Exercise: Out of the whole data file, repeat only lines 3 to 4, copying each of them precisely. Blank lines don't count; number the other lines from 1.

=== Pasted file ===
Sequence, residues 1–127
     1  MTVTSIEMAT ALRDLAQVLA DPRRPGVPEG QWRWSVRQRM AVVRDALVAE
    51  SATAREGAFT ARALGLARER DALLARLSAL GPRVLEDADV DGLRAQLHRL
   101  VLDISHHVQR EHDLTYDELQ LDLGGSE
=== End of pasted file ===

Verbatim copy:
    51  SATAREGAFT ARALGLARER DALLARLSAL GPRVLEDADV DGLRAQLHRL
   101  VLDISHHVQR EHDLTYDELQ LDLGGSE